The government plans to double cycle use over the next five years, however, critics are dubious, claiming the proposals lack sufficient funding for infrastructure. Nevertheless, for enthusiasts who are keen to set the wheels in motion and open a bike shop, make sure you’re fully informed of the challenges, trends and developments facing the cycle industry.
The number of cyclists in the UK has dropped from 38% in 2015 to 27% in 2018; however, electric bikes may be the key to propel industry success; the total sales value of this division has soared 15% year-on-year. If you’re passionate about cycling and keen set up shop, you need to find a USP that will set you apart from other retail giants and online traders.
Snapshot of the market
The UK’s bicycle market has seen an overall decrease in volume sales of roughly 17% since 2014. Independent outlets are struggling and retail giants, such as Halfords, have seen flat sales; however, specialist suppliers and premium brands have reported stronger growth.
In 2018, 2.5 million bicycles were sold in the UK, with electric bikes making up 28%. Despite the 3.8% drop from the previous year, annual market value grew 1.6%, to £925 million. Bike parts, accessories and clothing sales contributed to just over half of the total market value.
In 2018, cycling accounted for a mere 1.7% of all trips made, and this figure has barely changed over the last 17 years. In the same year, just 1% of the mileage accumulated by all vehicular road traffic was by cycling; in comparison, cars and taxis amounted to 77%.
Many commuters cycle in busy cities to avoid traffic congestion. Public bike shares offering short-term rentals could presumably hurt a local bike shop’s sale figures; however, 18% of those surveyed said they’d gone on to buy their own bike after regularly using bike shares.
Figures from 2017 to 2018 show around 5.5% of the population – 2.5 million Brits – aged 16 and over, ride their bikes at least once a week or more for transport purposes. However, there has been a 10% drop in the number of journeys cycled by children since 2010.
Changes in the industry
The government has recently pledged £5 billion over the next five years to improve bus and cycling services in England. Every child in England will also be given cycle and bike safety training, with an additional 400,000 places offered on the ‘Bikeability’ programme each year.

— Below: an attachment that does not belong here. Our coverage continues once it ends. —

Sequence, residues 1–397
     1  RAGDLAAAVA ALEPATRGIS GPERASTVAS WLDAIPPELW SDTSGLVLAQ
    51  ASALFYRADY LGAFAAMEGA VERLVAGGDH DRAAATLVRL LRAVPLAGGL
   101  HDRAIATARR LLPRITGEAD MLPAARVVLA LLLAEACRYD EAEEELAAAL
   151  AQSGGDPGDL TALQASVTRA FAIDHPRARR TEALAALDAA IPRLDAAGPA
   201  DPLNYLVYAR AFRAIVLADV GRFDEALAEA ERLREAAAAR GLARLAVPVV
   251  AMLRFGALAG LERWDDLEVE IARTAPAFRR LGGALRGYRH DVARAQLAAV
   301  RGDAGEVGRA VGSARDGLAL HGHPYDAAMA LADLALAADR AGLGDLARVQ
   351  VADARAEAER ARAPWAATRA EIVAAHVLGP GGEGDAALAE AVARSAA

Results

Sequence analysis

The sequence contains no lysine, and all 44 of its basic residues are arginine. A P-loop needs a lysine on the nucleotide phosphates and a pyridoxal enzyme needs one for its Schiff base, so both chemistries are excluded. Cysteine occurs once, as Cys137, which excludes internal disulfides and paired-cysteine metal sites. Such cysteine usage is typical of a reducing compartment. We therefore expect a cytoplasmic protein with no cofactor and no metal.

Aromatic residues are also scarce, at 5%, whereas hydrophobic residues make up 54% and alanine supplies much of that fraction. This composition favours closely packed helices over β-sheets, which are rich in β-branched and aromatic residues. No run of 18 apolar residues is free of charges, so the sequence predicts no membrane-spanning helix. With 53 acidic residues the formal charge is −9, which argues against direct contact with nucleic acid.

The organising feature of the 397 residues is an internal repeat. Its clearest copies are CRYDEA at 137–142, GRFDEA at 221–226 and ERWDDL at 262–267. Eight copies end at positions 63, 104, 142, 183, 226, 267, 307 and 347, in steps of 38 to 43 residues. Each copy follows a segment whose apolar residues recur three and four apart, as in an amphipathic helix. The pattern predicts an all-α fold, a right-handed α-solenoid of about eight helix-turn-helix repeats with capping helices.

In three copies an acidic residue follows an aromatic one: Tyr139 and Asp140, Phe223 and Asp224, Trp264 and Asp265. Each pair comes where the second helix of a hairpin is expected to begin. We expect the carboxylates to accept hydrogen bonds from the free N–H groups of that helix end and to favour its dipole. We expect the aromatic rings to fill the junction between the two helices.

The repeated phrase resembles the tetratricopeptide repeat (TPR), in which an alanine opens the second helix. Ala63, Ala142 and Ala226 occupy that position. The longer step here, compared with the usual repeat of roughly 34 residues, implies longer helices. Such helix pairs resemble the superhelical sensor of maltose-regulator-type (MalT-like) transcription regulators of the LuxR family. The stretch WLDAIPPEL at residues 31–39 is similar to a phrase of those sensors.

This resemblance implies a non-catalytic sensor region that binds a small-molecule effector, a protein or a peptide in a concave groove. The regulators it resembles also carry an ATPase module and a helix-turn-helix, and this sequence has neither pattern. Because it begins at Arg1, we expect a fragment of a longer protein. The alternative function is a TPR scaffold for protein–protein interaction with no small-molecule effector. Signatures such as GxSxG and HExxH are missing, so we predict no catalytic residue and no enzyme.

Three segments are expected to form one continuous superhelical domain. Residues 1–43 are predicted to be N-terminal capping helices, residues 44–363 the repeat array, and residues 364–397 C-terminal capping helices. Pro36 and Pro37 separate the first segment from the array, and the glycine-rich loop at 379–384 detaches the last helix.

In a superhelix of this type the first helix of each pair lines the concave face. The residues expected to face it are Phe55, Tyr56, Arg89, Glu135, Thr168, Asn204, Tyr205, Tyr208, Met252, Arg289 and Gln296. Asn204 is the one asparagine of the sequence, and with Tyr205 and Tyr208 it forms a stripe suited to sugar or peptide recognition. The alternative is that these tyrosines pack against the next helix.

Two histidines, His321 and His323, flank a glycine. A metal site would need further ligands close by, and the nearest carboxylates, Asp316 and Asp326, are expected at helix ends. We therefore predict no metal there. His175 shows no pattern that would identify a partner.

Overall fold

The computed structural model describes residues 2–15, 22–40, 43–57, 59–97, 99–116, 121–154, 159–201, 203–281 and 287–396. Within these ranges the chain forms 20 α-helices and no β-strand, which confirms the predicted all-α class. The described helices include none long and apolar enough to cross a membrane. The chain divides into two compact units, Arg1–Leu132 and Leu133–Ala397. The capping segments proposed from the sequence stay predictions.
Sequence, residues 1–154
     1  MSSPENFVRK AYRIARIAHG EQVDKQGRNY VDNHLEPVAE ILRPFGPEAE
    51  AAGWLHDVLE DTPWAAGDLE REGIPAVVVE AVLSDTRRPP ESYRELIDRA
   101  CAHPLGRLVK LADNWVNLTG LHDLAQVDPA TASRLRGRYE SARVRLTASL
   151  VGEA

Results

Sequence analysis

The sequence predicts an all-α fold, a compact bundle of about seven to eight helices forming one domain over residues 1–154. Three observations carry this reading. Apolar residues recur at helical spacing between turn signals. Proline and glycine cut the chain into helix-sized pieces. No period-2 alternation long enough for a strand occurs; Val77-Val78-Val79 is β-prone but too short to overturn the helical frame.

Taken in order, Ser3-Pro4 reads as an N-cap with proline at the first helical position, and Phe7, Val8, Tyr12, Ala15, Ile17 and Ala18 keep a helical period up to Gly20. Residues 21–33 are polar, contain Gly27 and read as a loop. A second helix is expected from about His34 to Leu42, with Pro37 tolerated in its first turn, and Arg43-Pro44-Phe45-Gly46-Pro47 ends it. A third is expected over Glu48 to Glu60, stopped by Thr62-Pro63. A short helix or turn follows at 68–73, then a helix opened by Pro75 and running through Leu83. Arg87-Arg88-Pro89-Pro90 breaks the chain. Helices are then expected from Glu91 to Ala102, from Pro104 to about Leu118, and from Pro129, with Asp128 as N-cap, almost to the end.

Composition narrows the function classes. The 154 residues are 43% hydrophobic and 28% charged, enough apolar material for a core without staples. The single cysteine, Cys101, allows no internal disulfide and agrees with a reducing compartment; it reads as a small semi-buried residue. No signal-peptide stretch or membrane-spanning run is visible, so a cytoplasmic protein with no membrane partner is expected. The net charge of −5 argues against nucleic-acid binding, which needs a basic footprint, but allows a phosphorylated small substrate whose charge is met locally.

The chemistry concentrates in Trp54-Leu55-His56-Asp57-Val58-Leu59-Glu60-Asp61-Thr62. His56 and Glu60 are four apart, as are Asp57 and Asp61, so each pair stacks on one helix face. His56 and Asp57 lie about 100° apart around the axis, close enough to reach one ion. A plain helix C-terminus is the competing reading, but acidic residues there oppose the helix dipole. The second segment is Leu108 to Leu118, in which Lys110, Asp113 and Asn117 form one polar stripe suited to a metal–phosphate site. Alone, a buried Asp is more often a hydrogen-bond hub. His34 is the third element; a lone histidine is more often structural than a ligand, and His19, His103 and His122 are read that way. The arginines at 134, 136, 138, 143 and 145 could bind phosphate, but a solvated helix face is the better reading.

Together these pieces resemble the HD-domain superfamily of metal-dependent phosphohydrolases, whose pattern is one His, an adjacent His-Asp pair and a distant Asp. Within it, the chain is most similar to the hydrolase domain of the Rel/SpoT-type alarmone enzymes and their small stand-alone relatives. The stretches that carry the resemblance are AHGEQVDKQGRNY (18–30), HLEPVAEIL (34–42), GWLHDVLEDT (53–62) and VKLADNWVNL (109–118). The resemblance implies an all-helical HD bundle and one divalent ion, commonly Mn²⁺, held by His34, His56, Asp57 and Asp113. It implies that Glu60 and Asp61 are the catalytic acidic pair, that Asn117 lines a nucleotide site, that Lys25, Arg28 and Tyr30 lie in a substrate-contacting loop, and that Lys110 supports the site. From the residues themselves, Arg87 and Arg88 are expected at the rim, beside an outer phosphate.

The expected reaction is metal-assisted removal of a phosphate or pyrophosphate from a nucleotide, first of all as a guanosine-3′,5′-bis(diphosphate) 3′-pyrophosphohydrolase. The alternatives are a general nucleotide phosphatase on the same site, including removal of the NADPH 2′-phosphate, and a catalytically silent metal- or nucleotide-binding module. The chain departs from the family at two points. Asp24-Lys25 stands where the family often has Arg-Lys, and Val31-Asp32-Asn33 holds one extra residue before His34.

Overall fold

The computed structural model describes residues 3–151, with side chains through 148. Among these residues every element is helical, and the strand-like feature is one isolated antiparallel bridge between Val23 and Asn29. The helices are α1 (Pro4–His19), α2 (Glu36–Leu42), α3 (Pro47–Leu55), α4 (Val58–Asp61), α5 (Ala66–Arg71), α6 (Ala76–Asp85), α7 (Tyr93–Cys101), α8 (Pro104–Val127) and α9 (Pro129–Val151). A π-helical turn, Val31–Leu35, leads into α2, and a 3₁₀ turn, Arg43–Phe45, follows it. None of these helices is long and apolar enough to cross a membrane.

Climate change is a big issue, and the more we can do to reduce our fuel emissions the better; in Britain, 57% of car journeys average a mere five miles or less. Encouraging a mixed demographic of cyclists in addition to the typical – middle-aged men –will help strengthen the market.
Electric bike sales are on the rise, with 70,000 e-bikes sold to the UK market in 2018 and an 8% boost in imports. Higher-end products in this division are performing well and reports show that 30% of cyclists are either interested in buying an e-bike or own one already.
Challenges facing the sector
Competing for sales will be challenging, especially as demand remains stagnant. It’s hard to beat price tags found at mass-market retailers, and savvy online shoppers are cutting out the middleman and buying directly from the suppliers, jeopardising sales for third-party vendors.
Middle-aged British men are increasing their cycling journeys; however, many other demographics are putting the brakes on their bike usage. Due to a lack of diversity, many bike shops are vying for the same business, which is hindering the market growth.
As the impact of climate change brings an increase in storms and floods, many fair-weathered cyclists are leaving their bikes at home. Wet and windy weather can have a hugely negative effect on sales, which is an inescapable and increasing issue for retailers.
Establish a USP
To determine the best USP for your business, assess what skills you have. Maybe you’re an e-bike fanatic or perhaps you have specialist repair skills, whatever your USP is, make sure you market it well. As word spreads in the cycling community, you’ll attract more customers.
Assess what services and products are already on offer in nearby bike stores and ask your
customers for their feedback. To stay ahead of web competitors, promote services that can’t be offered online such as tech-inspired saddle fitting; this will help boost your footfall figures.
To compete with nationwide stores such as Evans and Halfords, offer your shoppers a more personal service, and train your team to do the same. Immerse yourself in the local cycling community by attending events and race days and consider hosting a cycling fundraiser.
Seek advice and experience
Become a member of the Association of Cycle Traders (ACT), which is the UK’s largest cycle trade organisation that has been running for over a century. The group helps more than 4,000 independents by offering business support, training and skills development.
Britain is home to many cycling enthusiasts, creating a wealth of trade magazines, blogs and podcasts that report on sector news and trends. The more research you carry out before opening your bike shop the better and be sure to have a thorough business plan in place.
To boost your skills in selling or repairing bikes, apply for an apprenticeship at a busy store. If you’re keen to gain professional qualifications, Cytech is an internationally accredited organisation for technicians, offering courses in bike mechanics and specialised modules.